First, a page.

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A girl’s guide to auto insurance

So you’ve gone through the process of buying your hot new car, but now you need to protect your little baby before you hit the road. At first glance, auto insurance can seem complicated and confusing, but it doesn’t have to be.

Young woman in her new car

With all the jargon and marketing messages aside, it’s easy to work out exactly what auto insurance is, what kind of coverage you need and what you’re going to pay.

What is auto insurance?

Auto or car insurance is a “just in case” policy that can cover expenses and losses associated with a car accident that might have damaged your car or another car, damaged property or injured you, another driver, other passengers or pedestrians. The extent of what exactly will be covered and up to what dollar amount are determined at the time you sign your insurance contract, so be sure you read it carefully and understand what is included. If you’re not sure, ask!

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Do I need auto insurance?

Wherever you live in Canada, all governments have determined that you must have a degree of auto insurance before putting your car on the road. The basic amount of insurance required is determined by individual governments. In some areas, you might also be required to get insurance for medical expenses and loss of income.

The Insurance Bureau of Canada (IBC) explains that “auto insurance is sold by private companies in all of the ten provinces and three territories. However, in BC, Saskatchewan and Manitoba, government-run insurance companies sell the basic/required minimum auto insurance… and private and government insurers compete to sell enhancements or ‘top-ups’ to the basic policy.”

What if I want more than basic auto insurance?

In addition to basic car insurance, which often just covers others, you can purchase extra insurance that will cover damages to your car in a collision and another policy that will compensate you for theft, vandalism or other car mishaps.

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How is the cost of my insurance worked out?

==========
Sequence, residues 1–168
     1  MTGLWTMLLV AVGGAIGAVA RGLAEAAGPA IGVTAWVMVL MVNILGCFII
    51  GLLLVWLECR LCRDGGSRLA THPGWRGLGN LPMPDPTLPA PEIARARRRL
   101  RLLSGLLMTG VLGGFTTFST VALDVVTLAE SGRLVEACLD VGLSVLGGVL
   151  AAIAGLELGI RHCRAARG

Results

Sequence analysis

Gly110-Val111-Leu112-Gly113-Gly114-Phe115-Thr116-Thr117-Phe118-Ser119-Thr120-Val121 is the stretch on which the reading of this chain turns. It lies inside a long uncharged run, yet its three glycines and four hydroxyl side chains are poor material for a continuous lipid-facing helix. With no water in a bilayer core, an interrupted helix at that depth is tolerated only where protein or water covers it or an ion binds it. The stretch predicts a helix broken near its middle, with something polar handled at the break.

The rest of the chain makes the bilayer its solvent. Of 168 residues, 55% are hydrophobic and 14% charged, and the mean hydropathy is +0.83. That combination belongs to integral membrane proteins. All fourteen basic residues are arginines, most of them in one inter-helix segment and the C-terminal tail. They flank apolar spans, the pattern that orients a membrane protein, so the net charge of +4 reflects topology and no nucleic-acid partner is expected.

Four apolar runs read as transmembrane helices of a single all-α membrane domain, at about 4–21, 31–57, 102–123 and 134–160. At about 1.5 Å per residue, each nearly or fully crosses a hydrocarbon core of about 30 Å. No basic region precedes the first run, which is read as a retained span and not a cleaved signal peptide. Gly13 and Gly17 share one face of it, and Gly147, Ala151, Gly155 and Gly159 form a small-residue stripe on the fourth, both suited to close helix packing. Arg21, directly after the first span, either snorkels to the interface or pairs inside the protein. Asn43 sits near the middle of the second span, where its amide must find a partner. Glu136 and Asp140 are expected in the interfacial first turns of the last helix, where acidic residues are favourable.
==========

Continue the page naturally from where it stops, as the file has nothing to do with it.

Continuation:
A number of factors can affect the cost of car insurance (known in the business as the “premium”). The IBC details that “car insurance premiums, like all insurance premiums, are determined based on risk. That is, how likely it is that a customer — and a group of customers with the same set of circumstances — will make a claim, and how much those claims will likely cost.”

Circumstances or factors that are used to determine your insurance cost include the following:

  • Your “statistical” details, such as your age, where you live and the known driving record of other people with the same statistical details as you
  • The kind of car you drive
  • How you use your car (especially frequency on the road)
  • Your personal driving record
  • Other factors, such as government taxes and regulations

Once I have auto insurance, what should I do if I have an accident?

In the unfortunate event that you have a car accident, there are a number of things you can do to help your case.

CAA South Central Ontario advises that “after an accident, it is important for you to obtain complete information on the other party or parties involved. For example:

  • All vehicle information
  • Licence plate numbers
  • All names, addresses and phone numbers
  • Drivers licence numbers for the other drivers involved
  • The location of the accident (e.g., major intersections)
  • Police information (if they attended the scene).”

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